SeaWorld Returns Salty The Sea Turtle To The Ocean, Will They Do The Same Thing To Pregnant Orca’s Upcoming Calf?

After more than a month of staying at SeaWorld San Diego, the facility finally returned an Eastern Pacific green sea turtle to his natural habitat. The sea turtle named “Salty” is estimated to be 40 to 50 years old. When SeaWorld rescued him from a pond last month, he displayed signs of severe dehydration. The park’s veterinarians needed to give him electrolyte fluids and other vitamins. Salty was also ushered to a rehabilitation area with warm water for him to regain his strength.

Green sea turtles are considered as threatened species. Aside from illegal harvesting of green turtles and their eggs, the World Wild Life Fund (WWF) cites “uncontrolled coastal development, vehicle traffic on beaches, and other human activities” as threats to the marine creatures’ nests and feeding grounds.

Following its safe release of Salty, some are wondering if the zoological facility’s branch in San Antonio, Texas will do the same for Takara’s upcoming calf. Takara is a 25-year-old pregnant orca. She is expected to give birth in Spring 2017.

People for the Ethical Treatment of Animals (PETA) is urging SeaWorld to find a way for Takara to deliver her calf in a seaside sanctuary in order for the newborn to be freed.

Takara has four other calves, but two of them were transferred to other parks. Her eldest, Kohana, is now at the Loro Parque in Spain, while her second calf Trua is in Florida. Her two youngest calves, Sakari and Kamea, are living with her in San Antonio.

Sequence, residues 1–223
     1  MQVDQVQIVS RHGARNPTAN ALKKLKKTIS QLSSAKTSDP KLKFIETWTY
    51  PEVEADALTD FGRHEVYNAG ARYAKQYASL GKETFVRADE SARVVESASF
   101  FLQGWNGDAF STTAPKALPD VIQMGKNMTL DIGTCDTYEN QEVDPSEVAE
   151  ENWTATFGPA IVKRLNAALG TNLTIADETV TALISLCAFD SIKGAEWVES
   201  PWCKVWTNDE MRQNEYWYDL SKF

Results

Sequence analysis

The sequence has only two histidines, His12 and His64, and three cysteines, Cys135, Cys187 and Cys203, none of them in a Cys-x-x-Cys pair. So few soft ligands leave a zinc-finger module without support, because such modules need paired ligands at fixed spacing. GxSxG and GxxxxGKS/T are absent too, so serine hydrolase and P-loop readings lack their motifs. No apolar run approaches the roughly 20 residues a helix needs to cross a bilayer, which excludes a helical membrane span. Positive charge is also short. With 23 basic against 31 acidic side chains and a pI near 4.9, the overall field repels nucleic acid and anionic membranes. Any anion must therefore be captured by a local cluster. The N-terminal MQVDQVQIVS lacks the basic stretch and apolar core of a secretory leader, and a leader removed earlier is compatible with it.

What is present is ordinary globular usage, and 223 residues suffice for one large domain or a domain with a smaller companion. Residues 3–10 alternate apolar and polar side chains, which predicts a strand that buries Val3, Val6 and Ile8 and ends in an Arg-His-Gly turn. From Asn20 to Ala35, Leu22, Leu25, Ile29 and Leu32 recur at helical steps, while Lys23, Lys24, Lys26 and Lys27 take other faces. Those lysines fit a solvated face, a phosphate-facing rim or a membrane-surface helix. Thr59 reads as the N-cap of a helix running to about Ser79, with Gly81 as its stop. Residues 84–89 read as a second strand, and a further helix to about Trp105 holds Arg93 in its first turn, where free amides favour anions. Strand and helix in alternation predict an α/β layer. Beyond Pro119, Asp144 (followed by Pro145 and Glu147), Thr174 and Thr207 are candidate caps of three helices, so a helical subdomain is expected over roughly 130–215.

PETA claims that Takara’s story is filled with pain because orcas are meant to be with their mothers for life. However, Takara was born in captivity in 1991. Her mother is at SeaWorld San Diego. This fate likewise happened to Takara’s older calves.

The renowned park is also under fire for allegedly allowing Takara to be pregnant several times – something that does not happen in the wild. According to marine animals protection group Liberate Cetaceans, females in the wild usually get pregnant every 6-10 years. In their lifetime, they typically deliver 4-6 calves.

In Takara’s case, she is due to give birth to her fifth calf already. At 24, she should only have two calves to maintain her health. SeaWorld has not yet addressed the allegations regarding Takara’s pregnancy, but in an email addressed to EcoWatch, the park talked about PETA’s ideas and branded them as “simplistic.”

“Placing any of the orcas we care for into their proposed sea cages would expose them to disease, pollution and other man-made and natural disasters. PETA’s ideas are simplistic and don’t take into account that the majority of the whales at SeaWorld were born in human care or have spent almost their entire lives at our facilities.”

SeaWorld added that they’re channeling their efforts into other issues that require urgent help, such as shark finning, commercial whaling, and the rehabilitation of sick animals.

Ever since the documentary Blackfish exposed SeaWorld’s treatment of its famous orcas in captivity, the company has been dealing with backlash. The 2013 film revealed the effect of small tanks on orcas; in the wild, the creatures are used to swimming up to a hundred miles each day.

SeaWorld orcas captivity
Business Insider reports that the documentary indeed contributed to the decline of attendance at the company’s parks. This year’s second quarter witnessed a drop of 496,000 guests (7.6 percent) compared with last year’s second quarter.

Since then, the company is continuously trying to regain the trust of its disheartened clients. SeaWorld has announced that they will put an end to their captive orca breeding. They will also discontinue the once popular theatrical “Shamu” show. Starting next year, park visitors will no longer watch the whales in “scripted” shows, but will see the marine creatures in their redesigned sanctuaries that are reminiscent of the wild.

Last March, SeaWorld announced that Tilikum, the orca that inspired Blackfish, is dying. The facility has reportedly not found a cure for the drug-resistant bacterial lung infection.

[Photo by Joe Raedle/Getty Images]